From the New York Times bestselling author of RIVER OF DOUBT and DESTINY OF THE REPUBLIC, the stirring story of one of the great feats of exploration of all time, and its complicated legacy
The Nile River is the longest in the world. Its fertile floodplain allowed for rise to the great civilization of ancient Egypt, but for millennia the location of its headwaters was shrouded in mystery. Pharaonic and Roman attempts to find it were stymied by a giant labyrinthine swamp, and subsequent expeditions got no further. In the 19th century, the discovery and translation of the Rosetta Stone set off a frenzy of interest in ancient Egypt. At the same time, European powers sent off waves of explorations intended to map the unknown corners of the globe – and extend their colonial empires.
Two British men – Richard Burton and John Hanning Speke – were sent by the Royal Geographical Society to claim the prize for England. Burton was already famous for being the first non-Muslim to travel to Mecca, disguised as an Arab chieftain. He spoke twenty-nine languages, was a decorated soldier, and literally wrote the book on sword-fighting techniques for the British Army. He was also mercurial, subtle, and an iconoclastic atheist. Speke was a young aristocrat and Army officer determined to make his mark, passionate about hunting, Burton’s opposite in temperament and beliefs.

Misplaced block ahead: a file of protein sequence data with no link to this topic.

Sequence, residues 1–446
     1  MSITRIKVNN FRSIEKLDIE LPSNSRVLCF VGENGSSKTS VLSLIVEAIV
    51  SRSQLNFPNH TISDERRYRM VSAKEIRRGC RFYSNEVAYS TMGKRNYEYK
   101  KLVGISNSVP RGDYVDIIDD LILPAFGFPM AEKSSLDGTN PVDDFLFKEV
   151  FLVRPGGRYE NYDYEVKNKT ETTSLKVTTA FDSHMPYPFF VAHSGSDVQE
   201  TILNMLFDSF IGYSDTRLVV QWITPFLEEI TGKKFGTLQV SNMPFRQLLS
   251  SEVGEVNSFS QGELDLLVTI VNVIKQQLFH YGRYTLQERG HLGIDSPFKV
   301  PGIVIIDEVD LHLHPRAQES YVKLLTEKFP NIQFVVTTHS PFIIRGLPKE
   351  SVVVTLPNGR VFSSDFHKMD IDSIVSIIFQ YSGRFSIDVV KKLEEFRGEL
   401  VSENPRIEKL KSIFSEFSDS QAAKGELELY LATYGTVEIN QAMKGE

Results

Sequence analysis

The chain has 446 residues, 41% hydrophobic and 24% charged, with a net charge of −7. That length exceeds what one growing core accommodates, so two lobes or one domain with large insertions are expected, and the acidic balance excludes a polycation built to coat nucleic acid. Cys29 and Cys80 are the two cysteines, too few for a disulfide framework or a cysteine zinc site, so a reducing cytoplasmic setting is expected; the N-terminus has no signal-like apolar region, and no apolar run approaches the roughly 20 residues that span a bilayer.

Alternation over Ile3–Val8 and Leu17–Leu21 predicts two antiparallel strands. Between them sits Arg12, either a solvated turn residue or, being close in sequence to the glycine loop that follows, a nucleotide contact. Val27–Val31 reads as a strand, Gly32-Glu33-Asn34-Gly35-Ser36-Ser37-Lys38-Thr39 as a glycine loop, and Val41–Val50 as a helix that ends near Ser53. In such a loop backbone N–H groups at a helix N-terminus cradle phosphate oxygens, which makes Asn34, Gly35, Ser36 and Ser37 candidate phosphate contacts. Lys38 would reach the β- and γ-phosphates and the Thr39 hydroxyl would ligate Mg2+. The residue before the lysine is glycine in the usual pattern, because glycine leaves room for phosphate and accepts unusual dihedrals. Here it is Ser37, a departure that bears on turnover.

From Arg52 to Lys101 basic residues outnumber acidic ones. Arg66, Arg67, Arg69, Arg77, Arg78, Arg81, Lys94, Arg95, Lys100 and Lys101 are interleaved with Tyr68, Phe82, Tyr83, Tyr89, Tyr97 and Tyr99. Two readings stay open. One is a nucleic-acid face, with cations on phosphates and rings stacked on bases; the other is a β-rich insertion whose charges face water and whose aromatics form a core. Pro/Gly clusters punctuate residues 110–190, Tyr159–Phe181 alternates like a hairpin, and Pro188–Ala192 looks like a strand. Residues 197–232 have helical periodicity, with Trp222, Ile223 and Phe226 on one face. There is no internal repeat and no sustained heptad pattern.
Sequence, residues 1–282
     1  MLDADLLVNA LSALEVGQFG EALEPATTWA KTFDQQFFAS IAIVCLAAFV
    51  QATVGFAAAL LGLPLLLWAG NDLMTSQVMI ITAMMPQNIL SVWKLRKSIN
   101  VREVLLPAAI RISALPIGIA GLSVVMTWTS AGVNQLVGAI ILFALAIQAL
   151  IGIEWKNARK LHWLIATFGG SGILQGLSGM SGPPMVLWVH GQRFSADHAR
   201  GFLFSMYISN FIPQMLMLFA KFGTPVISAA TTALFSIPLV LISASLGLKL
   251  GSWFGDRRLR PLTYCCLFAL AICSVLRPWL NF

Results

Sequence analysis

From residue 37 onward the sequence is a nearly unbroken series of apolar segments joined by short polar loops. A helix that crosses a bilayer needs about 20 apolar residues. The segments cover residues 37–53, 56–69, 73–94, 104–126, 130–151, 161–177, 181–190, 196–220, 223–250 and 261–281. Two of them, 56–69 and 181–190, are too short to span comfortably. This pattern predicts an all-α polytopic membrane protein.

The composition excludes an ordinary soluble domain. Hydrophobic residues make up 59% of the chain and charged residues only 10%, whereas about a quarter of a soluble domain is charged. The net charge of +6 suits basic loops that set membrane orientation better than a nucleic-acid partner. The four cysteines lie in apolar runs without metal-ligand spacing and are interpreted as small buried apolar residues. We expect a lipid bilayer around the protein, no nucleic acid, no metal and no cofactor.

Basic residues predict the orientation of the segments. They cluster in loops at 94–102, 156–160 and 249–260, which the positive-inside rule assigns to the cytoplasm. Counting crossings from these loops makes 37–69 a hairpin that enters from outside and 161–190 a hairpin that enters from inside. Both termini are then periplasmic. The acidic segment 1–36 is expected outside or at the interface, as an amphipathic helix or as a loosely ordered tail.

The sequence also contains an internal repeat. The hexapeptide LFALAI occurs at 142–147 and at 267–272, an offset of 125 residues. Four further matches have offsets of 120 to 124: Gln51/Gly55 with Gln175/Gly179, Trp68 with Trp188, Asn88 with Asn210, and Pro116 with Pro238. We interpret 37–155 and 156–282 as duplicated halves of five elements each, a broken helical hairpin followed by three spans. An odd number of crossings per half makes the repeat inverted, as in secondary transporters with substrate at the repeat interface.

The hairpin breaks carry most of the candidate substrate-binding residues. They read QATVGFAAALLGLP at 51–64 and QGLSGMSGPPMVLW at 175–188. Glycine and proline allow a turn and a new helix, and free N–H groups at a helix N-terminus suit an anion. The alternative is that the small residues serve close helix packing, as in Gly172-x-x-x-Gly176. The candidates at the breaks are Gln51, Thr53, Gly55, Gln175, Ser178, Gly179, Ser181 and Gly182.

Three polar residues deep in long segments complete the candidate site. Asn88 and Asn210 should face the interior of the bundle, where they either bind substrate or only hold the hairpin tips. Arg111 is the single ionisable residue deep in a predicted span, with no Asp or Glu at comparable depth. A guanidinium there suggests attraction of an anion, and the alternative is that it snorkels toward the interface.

From the start the two men clashed, Speke chafing under Burton’s command and Burton disapproving of Speke’s ignorance of the people whose lands through which they traveled. They would endure tremendous hardships, illness, and constant setbacks. Two years in, deep in the African interior, Burton became too sick to press on, but Speke did, and claimed he found the source in a great lake that he christened Lake Victoria. When they returned to England, Speke rushed to take credit, disparaging Burton. Burton disputed his claim, and Speke launched another expedition to Africa to prove it. The two became venomous enemies, with the public siding with the more charismatic Burton, to Speke’s great envy. The day before they were to publicly debate, Speke shot himself.
Yet there was a third man on both expeditions, his name obscured by imperial annals, whose exploits were even more extraordinary. This was Sidi Mubarak Bombay, who was enslaved and shipped from his home village in East Africa to India. When the man who purchased him died, he made his way into the local Sultan’s army, and eventually traveled back to Africa, where he used his resourcefulness, linguistic prowess and raw courage to forge a living as a guide. Without his talents, it is likely that neither Englishman would have come close to the headwaters of the Nile, or perhaps even survived.
In RIVER OF THE GODS Candice Millard has written another peerless story of courage and adventure, set against the backdrop of the race to exploit Africa by the colonial powers.